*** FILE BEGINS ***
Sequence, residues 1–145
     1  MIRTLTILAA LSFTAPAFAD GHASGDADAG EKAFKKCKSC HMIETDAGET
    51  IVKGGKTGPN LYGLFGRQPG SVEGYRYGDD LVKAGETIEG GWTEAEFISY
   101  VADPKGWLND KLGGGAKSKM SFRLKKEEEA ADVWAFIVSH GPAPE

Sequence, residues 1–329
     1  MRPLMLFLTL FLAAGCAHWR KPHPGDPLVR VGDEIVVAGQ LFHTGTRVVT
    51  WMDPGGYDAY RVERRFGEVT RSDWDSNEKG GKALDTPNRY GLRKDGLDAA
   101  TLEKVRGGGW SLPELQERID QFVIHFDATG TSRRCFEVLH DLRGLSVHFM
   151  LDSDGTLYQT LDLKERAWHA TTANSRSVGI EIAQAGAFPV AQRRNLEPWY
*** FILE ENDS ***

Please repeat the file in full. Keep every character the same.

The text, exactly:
Sequence, residues 1–145
     1  MIRTLTILAA LSFTAPAFAD GHASGDADAG EKAFKKCKSC HMIETDAGET
    51  IVKGGKTGPN LYGLFGRQPG SVEGYRYGDD LVKAGETIEG GWTEAEFISY
   101  VADPKGWLND KLGGGAKSKM SFRLKKEEEA ADVWAFIVSH GPAPE

Sequence, residues 1–329
     1  MRPLMLFLTL FLAAGCAHWR KPHPGDPLVR VGDEIVVAGQ LFHTGTRVVT
    51  WMDPGGYDAY RVERRFGEVT RSDWDSNEKG GKALDTPNRY GLRKDGLDAA
   101  TLEKVRGGGW SLPELQERID QFVIHFDATG TSRRCFEVLH DLRGLSVHFM
   151  LDSDGTLYQT LDLKERAWHA TTANSRSVGI EIAQAGAFPV AQRRNLEPWY